It is likely that the next pope will be elected from among the 209 current cardinals. Being a cardinal is not required to be elected as pope, although tradition of centuries has favored cardinals in papal elections. The last non-cardinal to be elected was Pope Urban VI in 1378.
In fact, a pope does not have to be a bishop or even a priest before being elected. In fact, under canon law any baptized Catholic* man who is not a heretic, or in schism, or notorious for simony is technically eligible. Upon election, the newly elected man would receive baptism and Holy Orders as necessary. If not a bishop, he would be ordained as bishop by the Cardinal Dean immediately before becoming Supreme Pontiff.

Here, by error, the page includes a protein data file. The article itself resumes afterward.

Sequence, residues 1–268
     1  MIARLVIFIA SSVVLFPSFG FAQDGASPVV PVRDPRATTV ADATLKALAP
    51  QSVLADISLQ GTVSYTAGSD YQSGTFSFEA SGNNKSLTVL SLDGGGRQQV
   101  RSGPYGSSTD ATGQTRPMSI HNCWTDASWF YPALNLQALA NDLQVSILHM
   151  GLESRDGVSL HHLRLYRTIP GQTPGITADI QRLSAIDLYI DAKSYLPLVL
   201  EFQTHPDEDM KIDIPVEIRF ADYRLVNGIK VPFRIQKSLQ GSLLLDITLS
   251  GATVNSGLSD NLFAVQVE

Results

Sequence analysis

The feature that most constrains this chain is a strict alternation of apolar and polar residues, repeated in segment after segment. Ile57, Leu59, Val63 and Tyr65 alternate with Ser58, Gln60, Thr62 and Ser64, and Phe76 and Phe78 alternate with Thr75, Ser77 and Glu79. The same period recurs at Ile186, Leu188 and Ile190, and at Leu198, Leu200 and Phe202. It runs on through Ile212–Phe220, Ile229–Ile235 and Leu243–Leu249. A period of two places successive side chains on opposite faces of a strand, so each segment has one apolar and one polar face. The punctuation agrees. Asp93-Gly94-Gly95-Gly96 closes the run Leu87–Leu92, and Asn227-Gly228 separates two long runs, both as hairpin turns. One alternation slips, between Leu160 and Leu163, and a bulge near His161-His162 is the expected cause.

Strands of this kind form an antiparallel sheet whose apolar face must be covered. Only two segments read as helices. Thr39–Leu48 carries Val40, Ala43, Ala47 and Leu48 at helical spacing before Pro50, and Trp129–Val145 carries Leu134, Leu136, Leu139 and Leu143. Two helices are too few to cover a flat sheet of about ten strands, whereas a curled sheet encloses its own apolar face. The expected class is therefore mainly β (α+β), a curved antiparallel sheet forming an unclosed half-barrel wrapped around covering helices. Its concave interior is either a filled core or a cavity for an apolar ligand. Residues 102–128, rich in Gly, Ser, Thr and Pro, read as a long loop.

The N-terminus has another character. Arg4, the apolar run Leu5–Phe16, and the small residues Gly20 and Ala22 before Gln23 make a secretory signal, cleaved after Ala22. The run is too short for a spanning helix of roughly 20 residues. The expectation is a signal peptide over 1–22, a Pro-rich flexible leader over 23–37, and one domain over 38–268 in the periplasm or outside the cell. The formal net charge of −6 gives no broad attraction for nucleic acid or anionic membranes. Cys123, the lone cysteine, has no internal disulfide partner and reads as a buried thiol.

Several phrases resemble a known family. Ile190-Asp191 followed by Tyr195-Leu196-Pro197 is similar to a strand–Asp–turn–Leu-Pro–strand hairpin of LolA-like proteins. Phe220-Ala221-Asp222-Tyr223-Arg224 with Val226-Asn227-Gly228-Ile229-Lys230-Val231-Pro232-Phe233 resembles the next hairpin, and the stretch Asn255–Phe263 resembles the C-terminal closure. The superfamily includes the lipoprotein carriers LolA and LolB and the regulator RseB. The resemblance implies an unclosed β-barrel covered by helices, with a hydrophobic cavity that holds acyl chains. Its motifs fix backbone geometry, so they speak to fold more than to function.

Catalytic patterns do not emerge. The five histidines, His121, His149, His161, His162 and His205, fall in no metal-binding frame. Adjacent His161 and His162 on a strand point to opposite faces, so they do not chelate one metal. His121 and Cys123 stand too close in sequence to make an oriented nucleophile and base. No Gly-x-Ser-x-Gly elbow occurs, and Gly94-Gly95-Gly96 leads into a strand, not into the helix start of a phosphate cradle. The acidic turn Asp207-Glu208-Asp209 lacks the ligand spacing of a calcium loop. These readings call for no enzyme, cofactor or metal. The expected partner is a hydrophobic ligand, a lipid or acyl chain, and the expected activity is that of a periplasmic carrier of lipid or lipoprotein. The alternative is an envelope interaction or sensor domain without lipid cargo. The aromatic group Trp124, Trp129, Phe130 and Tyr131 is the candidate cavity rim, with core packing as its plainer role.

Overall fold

In recent years, men who were elected pope have all been priests and bishops as well as being cardinals. 1455’s election of Pope Callistus III was the last time a non-priest was elected as pope. The most recent time a non-bishop was elected was in 1831 with the selection of Pope Gregory XVI. All 203 of the current cardinals are priests and bishops.
*for the question of whether a candidate needs to be Catholic, see “For Further Reference” below.